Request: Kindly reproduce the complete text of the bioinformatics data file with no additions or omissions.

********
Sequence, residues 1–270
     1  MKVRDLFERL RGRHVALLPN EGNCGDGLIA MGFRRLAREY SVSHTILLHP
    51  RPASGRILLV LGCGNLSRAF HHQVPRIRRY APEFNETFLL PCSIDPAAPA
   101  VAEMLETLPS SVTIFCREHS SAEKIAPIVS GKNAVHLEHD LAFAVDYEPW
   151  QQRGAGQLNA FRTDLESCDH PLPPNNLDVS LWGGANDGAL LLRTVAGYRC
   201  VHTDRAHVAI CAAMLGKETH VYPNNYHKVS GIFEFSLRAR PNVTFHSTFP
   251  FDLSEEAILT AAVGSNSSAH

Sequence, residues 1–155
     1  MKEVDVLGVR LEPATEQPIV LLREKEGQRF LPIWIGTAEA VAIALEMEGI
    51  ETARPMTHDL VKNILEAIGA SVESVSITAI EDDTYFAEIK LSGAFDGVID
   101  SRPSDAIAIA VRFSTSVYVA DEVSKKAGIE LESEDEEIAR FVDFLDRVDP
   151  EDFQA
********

Sequence, residues 1–270
     1  MKVRDLFERL RGRHVALLPN EGNCGDGLIA MGFRRLAREY SVSHTILLHP
    51  RPASGRILLV LGCGNLSRAF HHQVPRIRRY APEFNETFLL PCSIDPAAPA
   101  VAEMLETLPS SVTIFCREHS SAEKIAPIVS GKNAVHLEHD LAFAVDYEPW
   151  QQRGAGQLNA FRTDLESCDH PLPPNNLDVS LWGGANDGAL LLRTVAGYRC
   201  VHTDRAHVAI CAAMLGKETH VYPNNYHKVS GIFEFSLRAR PNVTFHSTFP
   251  FDLSEEAILT AAVGSNSSAH

Sequence, residues 1–155
     1  MKEVDVLGVR LEPATEQPIV LLREKEGQRF LPIWIGTAEA VAIALEMEGI
    51  ETARPMTHDL VKNILEAIGA SVESVSITAI EDDTYFAEIK LSGAFDGVID
   101  SRPSDAIAIA VRFSTSVYVA DEVSKKAGIE LESEDEEIAR FVDFLDRVDP
   151  EDFQA